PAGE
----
Here's looking at EU

May 4, 2001

The Joint Research Council's new director-general describes its harmonising role to Paul Bompard.

The European Union's Joint Research Centre was founded in 1957 under the Euratom Treaty. It has its headquarters in Brussels, eight research institutes in five European countries, a staff of 2,500 and a 1998-2002 budget of €1.02 billion (£6 million). It originally focused on nuclear issues, but since the 1960s and 1970s, it has turned its attention to health, safety and the coordination and harmonisation of research. But its contemporary role in the EU has come under scrutiny, and the possibility of closing one of its facilities has been mooted.

Irishman Barry McSweeney, ("I'm Dr, but prefer the title 'Barry'") is the JRC's newly appointed director-general. He was previously director of the JRC's Institute for Health and Consumer Protection in Ispra, in northern Italy, and before that, head of the EU's Marie Curie Fellowships.

McSweeney is confident of his organisation's status as the EU's fundamental "in-house" agency for science and research.

"The prime mission of the JRC will not change with a new director. That is to provide science and technology support and advice to European Union policies. That is our mission, the central mission of the JRC. In simplistic terms, we are the in-house scientific advisers to the various directorates-general within the commission, as well as to parliament, council and other European institutions. We work very closely with the various EU scientific committees and, of course, with the research institutes of the member nations.

"We have three core areas: food, chemical products and health make up the first. The second is environment and sustainability. The third is the long-term traditional area that many people still associate with the JRC: nuclear safety and security. This ranges from reactor safety to security systems relating to non-proliferation. This is not going to disappear. There is a tremendous need for the JRC in nuclear. Our nuclear activities are key to us because in the Euratom Treaty we are vested with this responsibility. But this accounts for less than 30 per cent of our work."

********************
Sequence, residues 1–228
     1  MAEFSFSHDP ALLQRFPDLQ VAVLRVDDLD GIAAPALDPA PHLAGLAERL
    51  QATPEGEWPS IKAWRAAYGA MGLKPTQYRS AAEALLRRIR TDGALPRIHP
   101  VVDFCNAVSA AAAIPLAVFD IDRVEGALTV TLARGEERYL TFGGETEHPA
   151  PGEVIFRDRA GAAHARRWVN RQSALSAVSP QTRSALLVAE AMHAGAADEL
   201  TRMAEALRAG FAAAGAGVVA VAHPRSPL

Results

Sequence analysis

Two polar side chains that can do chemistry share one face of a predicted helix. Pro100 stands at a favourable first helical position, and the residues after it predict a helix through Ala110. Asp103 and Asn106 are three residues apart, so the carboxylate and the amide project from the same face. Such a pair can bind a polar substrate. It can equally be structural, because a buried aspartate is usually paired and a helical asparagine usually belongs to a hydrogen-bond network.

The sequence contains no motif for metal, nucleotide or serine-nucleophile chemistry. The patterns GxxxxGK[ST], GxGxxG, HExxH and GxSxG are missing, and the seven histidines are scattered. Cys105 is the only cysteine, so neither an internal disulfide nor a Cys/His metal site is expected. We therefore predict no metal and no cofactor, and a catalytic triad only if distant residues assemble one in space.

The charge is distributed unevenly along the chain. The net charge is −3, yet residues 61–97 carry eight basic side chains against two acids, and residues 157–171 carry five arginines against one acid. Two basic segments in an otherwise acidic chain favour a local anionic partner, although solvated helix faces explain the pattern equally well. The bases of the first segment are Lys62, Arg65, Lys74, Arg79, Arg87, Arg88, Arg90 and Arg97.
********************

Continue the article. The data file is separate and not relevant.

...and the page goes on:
In addition, McSweeney adds, there are areas that he describes as "horizontal".

One involves producing reference materials and validated methods that are accepted by researchers across Europe. "In the GMO (genetically modified organisms) field, we have the only reference material in the world. And this is used throughout the world as the basis for standardising GMO methodologies.

"As a scientific organisation, we are tiny, and nearly all the work we do is in association with member-state laboratories. In GMOs, we coordinate the network of member-state laboratories. We also coordinate in the nuclear and environmental areas. We try to ensure that there is consensus and act as managers of international research networks. An important part of our mission is to help the development of, and to become part of, the European Research Area, making sure that the sum is greater than the single parts."

The JRC is developing relations with nations expected to become EU members in the near future. "We are having information days in candidate countries," McSweeney says. "We are really working with them in preparation for the political reality that will be enlargement. We are drawing candidate countries into networking and research. We want to get scientists, in particular the young ones, working with us so they will get training to help them work in the EU. And more generally, we want to encourage mobility within the EU, exchanging staff, particularly young researchers, among JRC facilities and national research institutions. Our interdisciplinary environment is extremely interesting for young scientists. This is part of our need to be flexible and dynamic, the only way not to become obsolete.

"We are also concerned with the role of women. The current situation in the JRC is unsatisfactory, partly because in the past it has been heavily involved in the nuclear and engineering fields. I would like to see an increase in the number of women in science."

The JRC's work involves research and the management and coordination of research in universities and research institutes in member states. But, McSweeney says, "it is impossible to say what percentage of our work is direct research and how much is coordination and management. Our networking is research, and there is a large grey area that is both."

McSweeney believes the JRC has tremendous potential, "because we are neutral, independent of member states, but we are part of the commission. To advise the commission we have to have a wide knowledge base, which can be obtained only by full cooperation with the member states. Under no circumstances will I allow any competition between the JRC and a member-state laboratory. It is the opposite. The JRC is a neutral body that can help produce consensus, that can help bring scientific workers together. But without dictating, because that would be the kiss of death."

The EU will shortly decide on the JRC's budget for 2002-06, and McSweeney has few hopes of an increase. "I'm a realist, and I expect that, at least in real terms, the next budget may be reduced. This means that we must either think up some resource-generating methods or focus even more on certain priorities."

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